Critical Success Factors of Innovation and Creativity for Global Entrepreneurs

Critical Success Factors of Innovation and Creativity for Global Entrepreneurs

Flevy Lasrado (University of Wollongong in Dubai, UAE)
DOI: 10.4018/978-1-5225-2835-7.ch005


Innovation, is a subject of considerable interest for entrepreneurs. They share a keen interest in learning how to foster innovation and creativity in ways that help firms to create increasing amounts of wealth. Research on innovation and creativity has increased ever since they were considered to be the key to building a competitive advantage. In fact, it is a challenge for organizations to sustain innovation. In this chapter, we explore the factors that entrepreneurs should address to channel innovation in their organizations. Entrepreneurship, on the other hand, requires the funneling and implementation of creative ideas, leading to innovation. This chapter is particularly relevant to global managers seeking to identify inhibitors of creativity and business innovation and how to combat the roadblocks and create a sustainable innovation environment. The chapter discusses the three essential components that must be considered to spur innovation. We highlight the best practices associated with these factors through a case study of three organizations.
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Creativity in an organization is a continuous search for, and solving of, problems and the creation and implementation of new solutions for the betterment of the organization, its customers, and its members (Baccarani, 2009). Creativity is usually defined as “the production of novel that are useful and appropriate to the situation”. Creativity has many synonyms, such as productive thinking, divergent thinking, originality, imagination, brainstorming, and so on (Chen & Kaufmann, 2008). Oldham and Cummings (1996) define creative performance as products, or procedures that satisfy two conditions:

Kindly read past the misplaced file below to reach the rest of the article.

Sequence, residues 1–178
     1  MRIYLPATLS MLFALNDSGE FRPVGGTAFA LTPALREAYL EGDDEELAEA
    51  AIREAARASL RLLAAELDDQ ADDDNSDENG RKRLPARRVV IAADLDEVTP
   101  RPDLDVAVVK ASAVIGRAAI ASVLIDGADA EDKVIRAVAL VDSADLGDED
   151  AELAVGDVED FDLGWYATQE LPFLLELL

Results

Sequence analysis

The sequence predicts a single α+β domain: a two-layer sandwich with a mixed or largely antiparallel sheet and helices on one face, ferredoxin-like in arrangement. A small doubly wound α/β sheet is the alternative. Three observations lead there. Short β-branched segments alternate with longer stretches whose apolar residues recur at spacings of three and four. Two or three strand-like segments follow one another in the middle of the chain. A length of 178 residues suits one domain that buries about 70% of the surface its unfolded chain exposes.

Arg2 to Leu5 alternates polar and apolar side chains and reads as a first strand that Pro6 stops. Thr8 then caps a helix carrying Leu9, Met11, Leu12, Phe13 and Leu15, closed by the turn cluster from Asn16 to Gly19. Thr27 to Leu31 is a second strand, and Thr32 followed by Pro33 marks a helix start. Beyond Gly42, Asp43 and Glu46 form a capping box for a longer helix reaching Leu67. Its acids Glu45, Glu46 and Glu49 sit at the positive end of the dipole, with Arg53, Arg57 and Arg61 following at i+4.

• They are novel or original and

  • They are potentially relevant or useful to an organization.

Innovation can be understood as a process of learning and knowledge creation through which new problems are defined and new knowledge is developed to solve them (Lam, 2010). It is defined as “the intentional generation, adoption and application of new processes, products or procedures that aim to benefit the individual, group or organization in question” (Lipponen et al., 2008). Simply put, innovation is about the creation and implementation of a new idea in a social context with the purpose of delivering commercial benefits (Khairuzzaman et al., 2007). Innovation is driven by employees’ resources: creativity, competence and problem-solving abilities (Hoyrup, 2010). These innovative activities are embedded in employees’ daily work activities – often in working teams – on the basis of their experience and on-the-job learning.

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